GitHub Packages is a platform for hosting and managing packages, including containers and other dependencies. GitHub Packages combines your source code and packages in one place to provide integrated permissions management and billing, so you can centralize your software development on GitHub.
You can integrate GitHub Packages with GitHub APIs, GitHub Actions, and webhooks to create an end-to-end DevOps workflow that includes your code, CI, and deployment solutions.
GitHub Packages offers different package registries for commonly used package managers, such as npm, RubyGems, Apache Maven, Gradle, Docker, and NuGet. The Container registry is optimized for containers and supports Docker and OCI images. For more information on the different package registries that GitHub Packages supports, see "Working with a GitHub Packages registry."
You can view a package's README, as well as metadata such as licensing, download statistics, version history, and more on GitHub. For more information, see "Viewing packages."
|Permissions||The permissions for a package are either inherited from the repository where the package is hosted or, for packages in the Container registry, they can be defined for specific user or organization accounts. For more information, see "Configuring a package’s access control and visibility."|
|Visibility||You can publish packages in a public repository (public packages) to share with all of GitHub, or in a private repository (private packages) to share with collaborators or an organization.|
For more information, see "About permissions for GitHub Packages."
GitHub Packages usage is free for public packages. For private packages, each GitHub account receives a certain amount of free storage and data transfer, depending on the product used with the account. Any usage beyond the included amounts is controlled by spending limits. If you are a monthly-billed customer, your account will have a default spending limit of $0, which prevents additional usage of storage or data transfer after you reach the included amounts. If you pay your account by invoice, your account will have an unlimited default spending limit. For more information, see "About billing for GitHub Packages."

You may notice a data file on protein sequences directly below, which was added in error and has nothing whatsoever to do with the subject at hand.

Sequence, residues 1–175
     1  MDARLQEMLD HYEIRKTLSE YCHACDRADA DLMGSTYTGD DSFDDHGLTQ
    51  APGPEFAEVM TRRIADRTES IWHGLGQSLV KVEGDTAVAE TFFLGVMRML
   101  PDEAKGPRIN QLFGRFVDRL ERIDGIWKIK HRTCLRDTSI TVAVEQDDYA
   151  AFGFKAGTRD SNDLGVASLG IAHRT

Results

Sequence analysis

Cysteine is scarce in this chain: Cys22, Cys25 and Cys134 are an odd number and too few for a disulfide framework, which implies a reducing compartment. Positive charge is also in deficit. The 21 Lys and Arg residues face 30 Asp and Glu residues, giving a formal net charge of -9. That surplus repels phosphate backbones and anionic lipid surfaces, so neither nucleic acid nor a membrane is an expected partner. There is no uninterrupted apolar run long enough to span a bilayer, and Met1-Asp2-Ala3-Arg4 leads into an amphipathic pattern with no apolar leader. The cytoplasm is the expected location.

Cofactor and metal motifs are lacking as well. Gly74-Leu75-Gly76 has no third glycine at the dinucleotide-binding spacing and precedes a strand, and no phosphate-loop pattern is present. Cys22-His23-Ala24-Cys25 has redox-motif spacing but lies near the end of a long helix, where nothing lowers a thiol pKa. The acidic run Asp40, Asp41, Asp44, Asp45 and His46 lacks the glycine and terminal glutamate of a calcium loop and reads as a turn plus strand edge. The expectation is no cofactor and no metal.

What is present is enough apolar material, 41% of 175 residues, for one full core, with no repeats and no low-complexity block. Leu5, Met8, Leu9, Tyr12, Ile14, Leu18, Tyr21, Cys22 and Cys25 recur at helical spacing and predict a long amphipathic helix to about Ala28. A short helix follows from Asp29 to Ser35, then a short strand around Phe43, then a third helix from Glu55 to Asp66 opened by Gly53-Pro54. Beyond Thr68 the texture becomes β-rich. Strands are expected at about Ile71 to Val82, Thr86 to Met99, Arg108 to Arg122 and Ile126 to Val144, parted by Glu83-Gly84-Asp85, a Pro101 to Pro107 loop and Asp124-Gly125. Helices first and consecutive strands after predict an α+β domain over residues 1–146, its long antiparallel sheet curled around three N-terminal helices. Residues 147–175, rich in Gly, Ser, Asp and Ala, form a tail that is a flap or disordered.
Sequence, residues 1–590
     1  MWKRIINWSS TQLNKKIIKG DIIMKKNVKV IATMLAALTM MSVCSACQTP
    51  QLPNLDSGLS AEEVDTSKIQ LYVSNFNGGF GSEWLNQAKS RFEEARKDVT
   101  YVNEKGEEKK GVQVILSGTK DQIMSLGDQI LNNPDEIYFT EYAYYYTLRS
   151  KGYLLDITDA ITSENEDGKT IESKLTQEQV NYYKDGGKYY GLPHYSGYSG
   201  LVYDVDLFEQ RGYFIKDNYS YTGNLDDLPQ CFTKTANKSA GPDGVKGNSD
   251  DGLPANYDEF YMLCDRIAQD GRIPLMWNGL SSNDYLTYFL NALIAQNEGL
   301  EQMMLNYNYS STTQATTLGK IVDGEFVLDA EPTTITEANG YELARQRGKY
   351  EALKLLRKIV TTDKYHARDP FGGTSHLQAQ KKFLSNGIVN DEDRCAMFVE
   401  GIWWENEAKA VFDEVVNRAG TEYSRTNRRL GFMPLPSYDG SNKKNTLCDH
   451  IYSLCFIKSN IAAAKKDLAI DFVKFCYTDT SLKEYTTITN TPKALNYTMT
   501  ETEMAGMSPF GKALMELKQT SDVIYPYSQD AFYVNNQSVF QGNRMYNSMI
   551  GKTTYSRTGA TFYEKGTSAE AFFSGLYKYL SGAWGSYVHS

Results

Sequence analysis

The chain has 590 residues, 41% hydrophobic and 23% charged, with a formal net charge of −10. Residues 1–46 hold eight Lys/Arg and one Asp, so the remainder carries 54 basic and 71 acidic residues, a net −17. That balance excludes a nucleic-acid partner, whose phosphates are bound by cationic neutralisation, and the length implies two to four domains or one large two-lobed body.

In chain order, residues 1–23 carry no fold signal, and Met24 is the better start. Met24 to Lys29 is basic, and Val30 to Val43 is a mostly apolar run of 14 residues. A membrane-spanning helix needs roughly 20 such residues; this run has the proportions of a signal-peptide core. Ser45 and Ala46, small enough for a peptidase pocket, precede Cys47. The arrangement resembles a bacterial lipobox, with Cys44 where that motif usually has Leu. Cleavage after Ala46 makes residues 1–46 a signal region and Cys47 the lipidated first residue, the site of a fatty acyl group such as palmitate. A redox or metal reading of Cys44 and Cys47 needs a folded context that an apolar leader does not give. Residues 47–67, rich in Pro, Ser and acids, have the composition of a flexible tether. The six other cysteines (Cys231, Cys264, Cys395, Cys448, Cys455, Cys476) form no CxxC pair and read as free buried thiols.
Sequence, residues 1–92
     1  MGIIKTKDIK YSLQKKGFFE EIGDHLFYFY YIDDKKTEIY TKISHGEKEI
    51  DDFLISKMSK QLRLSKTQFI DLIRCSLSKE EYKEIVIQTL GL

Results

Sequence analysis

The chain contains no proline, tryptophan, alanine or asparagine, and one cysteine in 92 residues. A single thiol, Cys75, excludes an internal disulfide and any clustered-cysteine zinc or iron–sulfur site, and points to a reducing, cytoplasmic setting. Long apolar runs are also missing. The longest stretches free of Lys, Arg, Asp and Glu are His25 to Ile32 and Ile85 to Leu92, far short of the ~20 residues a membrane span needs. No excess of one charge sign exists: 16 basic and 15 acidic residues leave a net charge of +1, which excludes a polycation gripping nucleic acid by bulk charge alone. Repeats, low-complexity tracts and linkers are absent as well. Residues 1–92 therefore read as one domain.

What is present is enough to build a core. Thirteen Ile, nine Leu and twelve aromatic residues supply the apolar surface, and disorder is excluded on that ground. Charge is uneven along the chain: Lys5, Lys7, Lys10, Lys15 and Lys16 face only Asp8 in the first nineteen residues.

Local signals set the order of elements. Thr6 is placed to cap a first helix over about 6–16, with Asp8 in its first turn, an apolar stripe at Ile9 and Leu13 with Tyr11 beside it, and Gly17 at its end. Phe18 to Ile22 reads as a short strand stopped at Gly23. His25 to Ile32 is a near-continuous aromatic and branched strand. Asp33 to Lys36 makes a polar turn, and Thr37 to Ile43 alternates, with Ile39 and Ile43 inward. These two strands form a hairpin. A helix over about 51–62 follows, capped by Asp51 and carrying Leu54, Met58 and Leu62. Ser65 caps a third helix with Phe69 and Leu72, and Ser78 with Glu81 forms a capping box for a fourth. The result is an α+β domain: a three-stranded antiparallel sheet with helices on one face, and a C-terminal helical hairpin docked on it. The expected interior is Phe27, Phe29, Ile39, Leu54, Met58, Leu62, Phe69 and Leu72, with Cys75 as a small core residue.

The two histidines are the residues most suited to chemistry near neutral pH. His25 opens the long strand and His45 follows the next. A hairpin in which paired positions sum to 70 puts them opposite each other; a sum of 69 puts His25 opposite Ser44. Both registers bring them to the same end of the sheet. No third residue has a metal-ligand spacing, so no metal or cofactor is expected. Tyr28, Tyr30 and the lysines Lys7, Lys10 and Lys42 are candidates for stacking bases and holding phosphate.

GitHub Packages uses the native package tooling commands you're already familiar with to publish and install package versions.
|Language||Description||Package format||Package client|
|Ruby||RubyGems package manager|
|Java||Apache Maven project management and comprehension tool|
|Java||Gradle build automation tool for Java|
|.NET||NuGet package management for .NET|
|N/A||Docker container management|
For more information about configuring your package client for use with GitHub Packages, see "Working with a GitHub Packages registry."
You need an access token to publish, install, and delete packages.
You can use a personal access token (PAT) to authenticate to GitHub Packages or the GitHub API. When you create a personal access token, you can assign the token different scopes depending on your needs. For more information about packages-related scopes for a PAT, see "About permissions for GitHub Packages."
To authenticate to a GitHub Packages registry within a GitHub Actions workflow, you can use:
GITHUB_TOKENto publish packages associated with the workflow repository.
- a PAT to install packages associated with other private repositories (which
For more information about
GITHUB_TOKEN used in GitHub Actions workflows, see "Authentication in a workflow."
You can delete a package in the GitHub user interface or using the REST API. For more information, see the "GitHub Packages API."
When you use the GraphQL API to query and delete private packages, you must use the same token you use to authenticate to GitHub Packages. For more information, see "Deleting and restoring a package" and "Forming calls with GraphQL."
You can configure webhooks to subscribe to package-related events, such as when a package is published or updated. For more information, see the "
package webhook event."
If you have feedback or feature requests for GitHub Packages, use the feedback form for GitHub Packages.
Contact GitHub Support about GitHub Packages using our contact form if:
- You experience anything that contradicts the documentation
- You encounter vague or unclear errors
- Your published package contains sensitive data, such as GDPR violations, API Keys, or personally identifying information